‘It’s like Lego.’ German entrepreneur seeks $269 million to revamp container ships for new modular floating hospitals

German health-care entrepreneur Ulrich Marseille is seeking to raise €250 million ($269 million) to fund a new company that builds and operates customized hospital ships to provide emergency medical aid around the globe.

The venture, Worldwide Hospitals, converts container ships into modular floating hospitals that can be swiftly deployed to coastal areas in need, much like those stationed in the eastern Mediterranean to try to alleviate the humanitarian crisis in Gaza.

Worldwide Hospitals is the first for-profit project of its kind, according to Marseille, and the challenge will be to recoup the initial investment and make the medical operations profitable. The first two of seven ships will be deployed off Sierra Leone and Cameroon for free early next year, a publicity move intended to pave the way for contracts with governments or organizations like the United Nations.

The vessels get outfitted with container-like modules that carry medical gear selected to best fit the latest emergency. They can operate at sea but their main use will be on land, where the elements can be joined together to form field hospitals.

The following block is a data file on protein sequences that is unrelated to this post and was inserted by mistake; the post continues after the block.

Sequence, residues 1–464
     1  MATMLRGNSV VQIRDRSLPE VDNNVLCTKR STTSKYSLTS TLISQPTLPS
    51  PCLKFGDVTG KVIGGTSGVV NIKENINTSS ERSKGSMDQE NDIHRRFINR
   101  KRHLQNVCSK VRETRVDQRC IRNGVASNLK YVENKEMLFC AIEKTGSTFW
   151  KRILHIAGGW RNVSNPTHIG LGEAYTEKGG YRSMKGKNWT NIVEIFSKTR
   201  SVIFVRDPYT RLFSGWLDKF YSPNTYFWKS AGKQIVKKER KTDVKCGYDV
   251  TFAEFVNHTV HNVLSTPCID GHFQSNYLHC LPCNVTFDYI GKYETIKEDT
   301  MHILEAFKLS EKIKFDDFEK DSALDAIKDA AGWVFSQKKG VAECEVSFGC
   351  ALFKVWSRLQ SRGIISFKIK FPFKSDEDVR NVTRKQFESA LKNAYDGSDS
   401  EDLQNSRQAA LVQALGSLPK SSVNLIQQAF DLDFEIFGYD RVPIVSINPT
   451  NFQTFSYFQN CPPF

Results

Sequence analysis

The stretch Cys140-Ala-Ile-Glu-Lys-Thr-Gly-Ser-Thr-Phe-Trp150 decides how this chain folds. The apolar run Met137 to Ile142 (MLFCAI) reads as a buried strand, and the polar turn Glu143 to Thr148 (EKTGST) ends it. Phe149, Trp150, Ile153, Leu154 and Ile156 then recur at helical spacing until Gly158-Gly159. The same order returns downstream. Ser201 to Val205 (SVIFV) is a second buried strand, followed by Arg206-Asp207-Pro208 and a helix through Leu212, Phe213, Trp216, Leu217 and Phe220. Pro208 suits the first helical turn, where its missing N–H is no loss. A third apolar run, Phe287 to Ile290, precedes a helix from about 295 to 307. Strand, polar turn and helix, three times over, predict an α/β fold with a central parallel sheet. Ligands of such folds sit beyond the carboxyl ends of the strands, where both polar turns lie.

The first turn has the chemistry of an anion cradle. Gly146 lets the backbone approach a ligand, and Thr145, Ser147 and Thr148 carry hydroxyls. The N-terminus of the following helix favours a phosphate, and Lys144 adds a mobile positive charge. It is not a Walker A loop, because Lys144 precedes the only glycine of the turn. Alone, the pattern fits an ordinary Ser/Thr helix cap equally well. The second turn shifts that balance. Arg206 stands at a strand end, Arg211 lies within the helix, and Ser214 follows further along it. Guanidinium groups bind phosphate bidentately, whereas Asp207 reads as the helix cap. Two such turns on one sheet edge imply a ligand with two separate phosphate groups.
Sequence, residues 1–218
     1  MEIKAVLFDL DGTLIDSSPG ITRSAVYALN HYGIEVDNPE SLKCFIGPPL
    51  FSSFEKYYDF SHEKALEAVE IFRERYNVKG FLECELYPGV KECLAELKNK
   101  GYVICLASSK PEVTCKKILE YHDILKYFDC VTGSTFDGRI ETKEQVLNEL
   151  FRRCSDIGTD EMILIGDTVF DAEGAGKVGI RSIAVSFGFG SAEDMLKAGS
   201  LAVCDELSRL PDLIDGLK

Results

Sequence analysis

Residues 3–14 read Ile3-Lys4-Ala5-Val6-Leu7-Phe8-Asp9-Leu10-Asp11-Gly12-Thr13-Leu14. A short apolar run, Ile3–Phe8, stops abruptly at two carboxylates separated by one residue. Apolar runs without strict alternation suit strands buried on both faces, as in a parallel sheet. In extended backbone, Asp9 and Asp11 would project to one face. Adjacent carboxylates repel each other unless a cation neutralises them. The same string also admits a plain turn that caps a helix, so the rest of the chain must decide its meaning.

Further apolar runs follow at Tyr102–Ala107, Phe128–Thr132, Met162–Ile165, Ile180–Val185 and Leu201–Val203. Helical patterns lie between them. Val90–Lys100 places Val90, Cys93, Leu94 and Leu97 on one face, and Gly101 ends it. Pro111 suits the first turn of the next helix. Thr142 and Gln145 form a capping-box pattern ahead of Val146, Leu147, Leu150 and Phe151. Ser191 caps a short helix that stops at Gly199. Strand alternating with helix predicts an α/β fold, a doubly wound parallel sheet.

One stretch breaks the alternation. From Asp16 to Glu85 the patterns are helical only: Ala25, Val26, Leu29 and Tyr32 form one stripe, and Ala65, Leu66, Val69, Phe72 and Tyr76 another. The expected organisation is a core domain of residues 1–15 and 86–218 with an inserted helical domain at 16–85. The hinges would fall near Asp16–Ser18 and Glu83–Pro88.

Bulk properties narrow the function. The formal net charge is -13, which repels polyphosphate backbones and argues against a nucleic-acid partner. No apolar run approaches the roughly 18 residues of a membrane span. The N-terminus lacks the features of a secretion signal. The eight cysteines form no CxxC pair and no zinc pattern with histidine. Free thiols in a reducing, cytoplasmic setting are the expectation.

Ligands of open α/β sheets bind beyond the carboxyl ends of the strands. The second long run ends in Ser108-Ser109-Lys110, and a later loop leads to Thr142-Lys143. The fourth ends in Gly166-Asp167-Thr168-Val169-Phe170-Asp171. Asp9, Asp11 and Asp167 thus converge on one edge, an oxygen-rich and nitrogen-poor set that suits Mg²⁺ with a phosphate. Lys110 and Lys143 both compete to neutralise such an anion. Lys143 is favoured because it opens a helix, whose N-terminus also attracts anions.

“It’s like Lego,” Marseille said in an interview in Berlin. “There really is a huge need worldwide.”

It’s the millionaire’s first major move after selling a core part of his nursing home company MK-Kliniken AG in 2017. Marseille plowed about €300 million of his proceeds into Worldwide Hospitals, funding the modules’ development, the acquisition of two factories and the ships.

The company, based in Switzerland, expects to break even by the end of next year, according to Marseille. For now, he admits no client has signed on. With UBS Group AG as financial adviser, the 67-year-old entrepreneur is embarking on a first €250 million financing round.

The fund set up for the project, managed by Luxembourg-based European Capital Partners, requires a minimum investment of €1 million. It offers a dividend of up to 7% starting in the third year, depending on how well business is going. There’ll likely be another six similar funding rounds, Marseille said. He would also consider an initial public offering in the next five to seven years.

After the first two ships set off early next year, another pair will be refitted so that they are ready for use as early as 2025, according to Marseille. That year, he expects his company to generate some €2.3 billion in revenue.

The target is to transform seven vessels, he said, because “with seven hospital ships you have the world market well under control.”

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